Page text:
On January 18th, 1997 I went to see La La La Human Steps at the National Arts Centre. La La La Human Steps was a big modern dance troupe out of Montreal (I believe) and I was hoping to really like it.
I was a few years out of university with a music degree and was back at school working on a BA in religious studies. I was gigging a lot around town and kept my eye out for any cool exhibits that might roll through the National Gallery or any number of local museums; in short I was steeped in every facet of arts and culture I could surround myself with.
But I hated dance.
I just did not get it. Bodies in tights flapping around to classical music seemed more like elitist acrobatics than art. Ballet dancers always looked to me like trained poodles performing in a circus, all shaved and puffy and twirling around on their hind legs together.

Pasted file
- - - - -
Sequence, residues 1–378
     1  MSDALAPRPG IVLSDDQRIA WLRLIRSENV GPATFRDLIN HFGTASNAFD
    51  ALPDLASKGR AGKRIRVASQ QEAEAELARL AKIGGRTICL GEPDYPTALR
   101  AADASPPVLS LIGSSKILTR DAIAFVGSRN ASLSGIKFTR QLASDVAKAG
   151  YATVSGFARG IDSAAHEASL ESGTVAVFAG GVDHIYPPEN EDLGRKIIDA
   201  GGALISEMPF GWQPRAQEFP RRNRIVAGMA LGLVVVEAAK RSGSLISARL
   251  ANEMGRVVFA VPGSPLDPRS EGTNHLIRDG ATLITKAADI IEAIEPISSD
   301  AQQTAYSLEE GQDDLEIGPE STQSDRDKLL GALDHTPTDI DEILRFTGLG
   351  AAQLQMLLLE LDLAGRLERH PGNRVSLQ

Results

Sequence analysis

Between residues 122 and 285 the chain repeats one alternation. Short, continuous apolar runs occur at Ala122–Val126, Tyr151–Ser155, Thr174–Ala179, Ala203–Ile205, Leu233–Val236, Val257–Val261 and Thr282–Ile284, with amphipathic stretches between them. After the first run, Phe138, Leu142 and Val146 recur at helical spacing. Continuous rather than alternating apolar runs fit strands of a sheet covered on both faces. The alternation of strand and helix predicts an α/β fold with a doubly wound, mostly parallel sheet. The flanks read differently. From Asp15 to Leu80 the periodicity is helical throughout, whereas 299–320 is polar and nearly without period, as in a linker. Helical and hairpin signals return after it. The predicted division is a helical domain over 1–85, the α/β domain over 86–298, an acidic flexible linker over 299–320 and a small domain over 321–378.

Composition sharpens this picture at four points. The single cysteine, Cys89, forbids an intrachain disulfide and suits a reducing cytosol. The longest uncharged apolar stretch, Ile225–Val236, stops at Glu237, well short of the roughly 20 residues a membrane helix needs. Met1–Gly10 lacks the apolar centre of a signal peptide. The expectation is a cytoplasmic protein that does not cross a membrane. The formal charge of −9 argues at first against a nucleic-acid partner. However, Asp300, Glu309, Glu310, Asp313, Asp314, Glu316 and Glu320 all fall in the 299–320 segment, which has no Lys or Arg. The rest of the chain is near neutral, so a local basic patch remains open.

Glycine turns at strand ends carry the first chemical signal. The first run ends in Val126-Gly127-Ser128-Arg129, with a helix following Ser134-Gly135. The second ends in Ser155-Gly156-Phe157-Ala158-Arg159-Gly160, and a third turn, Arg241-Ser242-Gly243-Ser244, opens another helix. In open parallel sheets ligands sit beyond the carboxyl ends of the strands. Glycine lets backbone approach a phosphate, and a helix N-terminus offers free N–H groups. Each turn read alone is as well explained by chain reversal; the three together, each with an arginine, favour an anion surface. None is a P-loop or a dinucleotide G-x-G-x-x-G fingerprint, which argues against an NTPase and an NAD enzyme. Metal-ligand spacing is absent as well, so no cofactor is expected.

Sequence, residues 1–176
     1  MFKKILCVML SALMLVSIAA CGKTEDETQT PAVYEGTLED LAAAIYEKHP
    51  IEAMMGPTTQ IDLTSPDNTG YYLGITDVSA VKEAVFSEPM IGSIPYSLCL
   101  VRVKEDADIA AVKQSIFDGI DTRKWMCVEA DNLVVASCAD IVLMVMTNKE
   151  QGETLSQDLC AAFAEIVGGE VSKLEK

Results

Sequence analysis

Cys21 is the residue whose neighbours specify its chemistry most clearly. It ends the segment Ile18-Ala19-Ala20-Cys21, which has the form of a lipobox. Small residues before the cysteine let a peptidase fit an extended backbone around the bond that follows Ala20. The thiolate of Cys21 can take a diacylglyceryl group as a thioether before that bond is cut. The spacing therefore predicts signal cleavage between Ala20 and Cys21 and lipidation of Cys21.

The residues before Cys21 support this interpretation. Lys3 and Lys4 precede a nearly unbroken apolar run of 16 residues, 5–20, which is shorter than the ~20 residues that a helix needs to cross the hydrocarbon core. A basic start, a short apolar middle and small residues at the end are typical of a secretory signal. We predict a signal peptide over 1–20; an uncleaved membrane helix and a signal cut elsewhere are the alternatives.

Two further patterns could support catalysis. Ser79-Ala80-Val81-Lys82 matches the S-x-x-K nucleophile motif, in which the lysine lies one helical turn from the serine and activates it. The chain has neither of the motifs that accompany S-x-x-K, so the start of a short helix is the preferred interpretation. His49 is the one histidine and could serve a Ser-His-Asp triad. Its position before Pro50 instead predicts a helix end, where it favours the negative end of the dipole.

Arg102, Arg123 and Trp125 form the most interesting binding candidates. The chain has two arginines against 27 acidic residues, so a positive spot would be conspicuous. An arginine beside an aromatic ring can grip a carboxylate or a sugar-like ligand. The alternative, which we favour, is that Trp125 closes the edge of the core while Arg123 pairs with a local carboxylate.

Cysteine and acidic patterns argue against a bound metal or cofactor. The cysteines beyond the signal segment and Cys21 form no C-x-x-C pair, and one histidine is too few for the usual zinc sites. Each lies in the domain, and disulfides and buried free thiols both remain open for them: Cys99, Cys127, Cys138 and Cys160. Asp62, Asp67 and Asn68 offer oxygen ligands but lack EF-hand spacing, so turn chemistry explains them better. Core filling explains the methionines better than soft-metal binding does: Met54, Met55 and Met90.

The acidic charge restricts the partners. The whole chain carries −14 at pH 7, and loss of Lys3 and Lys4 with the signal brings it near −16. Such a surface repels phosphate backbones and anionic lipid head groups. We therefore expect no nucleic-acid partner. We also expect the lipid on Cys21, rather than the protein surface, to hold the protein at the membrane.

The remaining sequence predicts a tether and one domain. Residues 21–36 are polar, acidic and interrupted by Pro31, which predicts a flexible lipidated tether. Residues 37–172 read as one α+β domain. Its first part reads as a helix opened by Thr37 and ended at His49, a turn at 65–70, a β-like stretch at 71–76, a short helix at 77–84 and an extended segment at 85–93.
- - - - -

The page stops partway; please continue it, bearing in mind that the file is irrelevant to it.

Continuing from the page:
I was hoping a popular up-to-date and arty take on the genre would change my mind but it didn’t. It was the same old jumping around, just not in sync, and with some weird, barely suggested undertone of a plot or emotion that I’m sure nobody could ever truly follow. I ended up just closing my eyes and trying to save the night by concentrating on the music.
This wouldn’t be my last ballet show and with very, very few exceptions I have always maintained the same attitude towards dance (unfortunately), but at least I gave it a shot.